Dear brothers and sisters in Christ,
As the Extraordinary Synod on the Family draws to a close this weekend in Rome, I ask that you continue praying for its members. The meeting may be ending, but the work continues. Pope Francis and the leaders of the synod must now digest all the presentations and debates, the ideas and experiences offered from around the world. In the light of the gospel and the tradition, they must try to understand the promptings of the Holy Spirit in this event, and summarize how the church can move forward with fidelity and charity, to evangelize more successfully about God’s will for marriage and the family. They continue to rely on the prayers of all the faithful to assist them.
There has been much talk in the media during this Synod about something called “gradualism.” This is the idea that there are “grades” of participation or fidelity in the covenant which Jesus Christ made with us in his own precious blood, and that even those in the “lowest” grades, or further from the teachings of the church, should be considered “good Christians” if they are doing the best they can to follow Christ.
There is a sense, of course, in which this is true, and very traditional. The church has always clearly taught a moral and social and spiritual ideal, which we must all strive for in following Jesus Christ. The Beatitudes and the Ten Commandments are two obvious expressions of this, taught by Christ himself, for all his disciples, and indeed the whole world, to follow.
At the same time, the church has always recognized the reality of sin, which means that all of us fall short of the ideal by some measure. We are all sinners, dependent on Christ’s mercy for everything, and none of us can grow in holiness in any vocation or state of life without a constant process of repentance, forgiveness and recommitment.
Even when we don’t actually kill people, for example, we suffer from anger and speak hurtful words; even when we don’t actually commit adultery, we suffer from lust, and fail to keep chaste custody of our eyes or thoughts. Jesus taught in the Sermon on the Mount that such actions, even sometimes in our thoughts only, can violate God’s commandments and be serious sins. These sorts of sins are true of all of us, in some way, as long as we live in this fallen world.
Therefore, the church has always promoted such an understanding of “gradualism.” There is no point of “good enough” in the spectrum of falling short of the ideal. But the church has been given the treasury of grace to support us in our sinfulness, to offer God’s infinite forgiveness and a constant new beginning in confession, and to encourage life-long growth in holiness as we strive to follow Christ more and more.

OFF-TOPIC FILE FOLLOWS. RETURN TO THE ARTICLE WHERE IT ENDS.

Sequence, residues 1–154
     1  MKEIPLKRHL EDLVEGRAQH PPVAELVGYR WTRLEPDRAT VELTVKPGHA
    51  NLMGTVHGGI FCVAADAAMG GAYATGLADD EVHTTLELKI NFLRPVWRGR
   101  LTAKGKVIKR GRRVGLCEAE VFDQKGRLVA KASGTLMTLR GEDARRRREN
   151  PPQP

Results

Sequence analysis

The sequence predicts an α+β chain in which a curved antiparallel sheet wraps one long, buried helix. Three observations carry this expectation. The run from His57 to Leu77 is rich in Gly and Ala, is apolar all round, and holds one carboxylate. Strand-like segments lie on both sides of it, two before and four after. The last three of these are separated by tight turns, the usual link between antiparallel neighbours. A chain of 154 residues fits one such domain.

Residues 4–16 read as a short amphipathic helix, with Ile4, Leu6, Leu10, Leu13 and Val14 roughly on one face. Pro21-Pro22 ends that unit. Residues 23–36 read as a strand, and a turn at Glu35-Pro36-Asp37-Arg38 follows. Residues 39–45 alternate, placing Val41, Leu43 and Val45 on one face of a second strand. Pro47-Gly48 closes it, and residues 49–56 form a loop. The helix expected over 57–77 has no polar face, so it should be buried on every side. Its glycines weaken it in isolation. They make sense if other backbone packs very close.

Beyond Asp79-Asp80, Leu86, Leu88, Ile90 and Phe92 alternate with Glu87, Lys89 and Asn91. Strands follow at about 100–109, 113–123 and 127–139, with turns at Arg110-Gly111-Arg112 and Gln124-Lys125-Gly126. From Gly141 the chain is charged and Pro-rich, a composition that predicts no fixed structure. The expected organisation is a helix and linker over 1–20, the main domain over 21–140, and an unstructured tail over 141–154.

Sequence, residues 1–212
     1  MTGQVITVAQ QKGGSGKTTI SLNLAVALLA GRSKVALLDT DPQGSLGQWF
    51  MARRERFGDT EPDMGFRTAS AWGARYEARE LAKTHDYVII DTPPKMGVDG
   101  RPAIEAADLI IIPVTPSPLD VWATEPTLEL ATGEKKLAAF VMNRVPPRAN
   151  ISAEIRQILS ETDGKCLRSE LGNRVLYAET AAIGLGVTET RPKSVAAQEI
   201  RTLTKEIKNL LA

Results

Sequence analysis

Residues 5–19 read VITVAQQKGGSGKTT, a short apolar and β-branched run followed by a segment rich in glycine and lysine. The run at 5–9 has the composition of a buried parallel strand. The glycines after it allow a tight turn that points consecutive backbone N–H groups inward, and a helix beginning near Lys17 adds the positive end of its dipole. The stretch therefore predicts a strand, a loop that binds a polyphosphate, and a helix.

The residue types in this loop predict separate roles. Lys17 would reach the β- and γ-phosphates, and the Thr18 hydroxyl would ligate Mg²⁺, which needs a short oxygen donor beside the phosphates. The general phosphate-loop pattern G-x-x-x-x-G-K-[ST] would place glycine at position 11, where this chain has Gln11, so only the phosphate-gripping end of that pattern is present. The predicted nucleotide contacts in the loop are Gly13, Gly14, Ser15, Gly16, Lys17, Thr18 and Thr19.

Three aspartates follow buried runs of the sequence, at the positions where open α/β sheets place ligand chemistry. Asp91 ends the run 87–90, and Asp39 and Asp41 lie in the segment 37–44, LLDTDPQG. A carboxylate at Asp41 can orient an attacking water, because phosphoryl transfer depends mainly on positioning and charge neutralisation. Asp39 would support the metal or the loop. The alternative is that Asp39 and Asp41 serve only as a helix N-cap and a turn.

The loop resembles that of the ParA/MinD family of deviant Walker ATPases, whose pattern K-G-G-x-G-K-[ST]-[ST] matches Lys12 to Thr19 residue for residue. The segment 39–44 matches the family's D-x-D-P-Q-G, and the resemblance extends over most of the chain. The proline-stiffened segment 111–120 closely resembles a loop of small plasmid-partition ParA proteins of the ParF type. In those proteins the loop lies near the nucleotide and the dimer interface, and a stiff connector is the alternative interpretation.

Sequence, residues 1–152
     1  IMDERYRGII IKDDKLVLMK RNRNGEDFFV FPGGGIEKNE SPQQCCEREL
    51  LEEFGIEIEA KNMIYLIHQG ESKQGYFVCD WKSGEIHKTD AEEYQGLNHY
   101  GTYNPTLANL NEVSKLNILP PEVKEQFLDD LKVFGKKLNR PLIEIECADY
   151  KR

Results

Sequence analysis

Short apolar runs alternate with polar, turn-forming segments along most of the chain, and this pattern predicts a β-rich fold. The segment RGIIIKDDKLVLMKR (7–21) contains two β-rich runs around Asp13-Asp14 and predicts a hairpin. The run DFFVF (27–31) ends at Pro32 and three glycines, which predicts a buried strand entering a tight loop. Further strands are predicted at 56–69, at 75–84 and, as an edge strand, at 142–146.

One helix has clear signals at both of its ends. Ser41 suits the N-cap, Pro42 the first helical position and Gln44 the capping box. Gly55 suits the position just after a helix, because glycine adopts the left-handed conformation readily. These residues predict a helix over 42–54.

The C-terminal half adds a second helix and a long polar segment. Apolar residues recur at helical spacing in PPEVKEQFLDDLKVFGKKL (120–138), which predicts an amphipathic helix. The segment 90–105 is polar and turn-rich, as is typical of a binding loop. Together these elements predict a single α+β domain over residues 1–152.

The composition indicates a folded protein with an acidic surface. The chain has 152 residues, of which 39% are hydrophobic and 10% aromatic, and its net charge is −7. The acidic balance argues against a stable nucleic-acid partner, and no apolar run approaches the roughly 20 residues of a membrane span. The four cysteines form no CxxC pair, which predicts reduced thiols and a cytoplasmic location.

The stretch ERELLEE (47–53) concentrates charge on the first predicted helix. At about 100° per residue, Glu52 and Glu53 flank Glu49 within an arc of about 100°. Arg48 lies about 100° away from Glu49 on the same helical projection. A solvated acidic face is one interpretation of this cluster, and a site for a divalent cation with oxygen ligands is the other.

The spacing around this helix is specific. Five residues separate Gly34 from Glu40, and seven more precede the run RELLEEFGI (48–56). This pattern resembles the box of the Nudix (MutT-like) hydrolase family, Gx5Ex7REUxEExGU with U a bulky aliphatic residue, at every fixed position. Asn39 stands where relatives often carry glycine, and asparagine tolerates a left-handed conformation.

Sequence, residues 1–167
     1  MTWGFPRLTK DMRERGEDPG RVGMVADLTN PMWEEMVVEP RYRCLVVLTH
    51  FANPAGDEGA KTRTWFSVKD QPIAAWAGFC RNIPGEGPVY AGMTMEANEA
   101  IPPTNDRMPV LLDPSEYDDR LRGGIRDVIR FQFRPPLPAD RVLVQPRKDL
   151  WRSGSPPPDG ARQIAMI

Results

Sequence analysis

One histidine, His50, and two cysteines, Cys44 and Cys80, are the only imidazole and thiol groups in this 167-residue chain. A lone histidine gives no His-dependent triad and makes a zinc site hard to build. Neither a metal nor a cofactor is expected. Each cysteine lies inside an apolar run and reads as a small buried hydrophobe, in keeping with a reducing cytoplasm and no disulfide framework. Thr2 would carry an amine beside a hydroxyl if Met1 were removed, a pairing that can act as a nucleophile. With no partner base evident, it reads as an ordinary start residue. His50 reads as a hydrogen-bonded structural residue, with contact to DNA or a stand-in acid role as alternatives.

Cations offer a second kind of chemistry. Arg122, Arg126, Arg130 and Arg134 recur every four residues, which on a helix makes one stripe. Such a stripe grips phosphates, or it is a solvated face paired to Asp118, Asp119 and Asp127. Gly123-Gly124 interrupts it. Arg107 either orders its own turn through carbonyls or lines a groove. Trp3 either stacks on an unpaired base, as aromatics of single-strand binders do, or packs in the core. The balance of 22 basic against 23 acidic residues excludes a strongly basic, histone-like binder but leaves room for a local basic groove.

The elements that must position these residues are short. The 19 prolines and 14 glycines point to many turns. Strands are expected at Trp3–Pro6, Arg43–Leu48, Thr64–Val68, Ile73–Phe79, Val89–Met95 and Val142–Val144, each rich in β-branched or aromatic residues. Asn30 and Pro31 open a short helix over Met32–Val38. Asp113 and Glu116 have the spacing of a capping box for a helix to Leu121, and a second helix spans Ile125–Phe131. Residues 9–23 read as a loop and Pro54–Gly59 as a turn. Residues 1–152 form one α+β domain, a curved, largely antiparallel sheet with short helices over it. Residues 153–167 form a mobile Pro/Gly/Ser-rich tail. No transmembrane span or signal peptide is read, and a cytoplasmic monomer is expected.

But notice, in this understanding, that the clarity of the ideal is essential. If we do not teach clearly that something is a sin, then those who suffer from this sin will find it that much harder, both to know that it is a sin, and to arrive at the desire to be free of their sin. Likewise, without the greatest possible clarity in all the moral teachings of the church, we risk having disciples of Christ with poorly formed consciences, unable to witness to the mercy of Christ, unable to evangelize, and at worst, abandoning people to remain in their sins. The church, then, upholds both the ideal of perfection, and the reality of sin and its consequences, and therefore always offers a means by which we weak sinners can grow towards the full imitation of Christ throughout our earthly life.
But there is another sense in which this idea of “gradualism” cannot be squared with the gospel and tradition. In this false and worldly sense, which the media is implying, “gradualism” means watering down the teachings of the church and being less clear about the meaning of the Gospel and the fullness of tradition. This kind of thinking tries to be more “inclusive” of sinners (which we all are), not by making God’s mercy more easily available, but by making people think they need God’s mercy less.
But the end result of this line of thinking is already known. It teaches people to believe that Christ did not die on the cross and rise again from the dead for them, personally. One ends up believing that sins are not sins. Either, with the Pharisee of the parable, one imagines that one is a “good person” in no need of redemption (see Lk 18:10-12); or, trapped in a life of sin, one feels rejected by such Pharisees, and so cannot recognize or accept God’s lavish mercy. In the end, the more we lower the bar of our moral ideals, the more people end up unrepentant and rejecting God’s mercy.
Therefore, we must continue to be as clear as possible about the truth of the Gospel, the reality of sin, the redemption of Jesus Christ, and the moral and social ideals that derive from them. We cannot lower the bar of how holy we aspire to be. At the same time, we must, as the church has always done, find ways to evangelize effectively, to invite people to receive again and again, with increasing fullness, the infinite mercy of God. We cannot abandon people just because they – or worse, we – think the church is not for them. We must invite, with joy and compassion, with “the same consolation we have received from Christ” (II Cor 1:4), with great charity and humility. The Holy Spirit can move any sinner to conversion, if we do not make ourselves the obstacle.
I hope and pray that many good things come from this special meeting of our Holy Father on marriage and family life. This meeting will be a good preparation for the synod that will be held next year, also on marriage and the family. My prayers and special thoughts remain with all the families in our diocese.
May God continue to fill you with peace and joy. (By the way, I hope you are enjoying all those Denver Bronco football wins!)
Your brother in Christ,
Most Reverend R. Walker Nickless
Bishop of Sioux City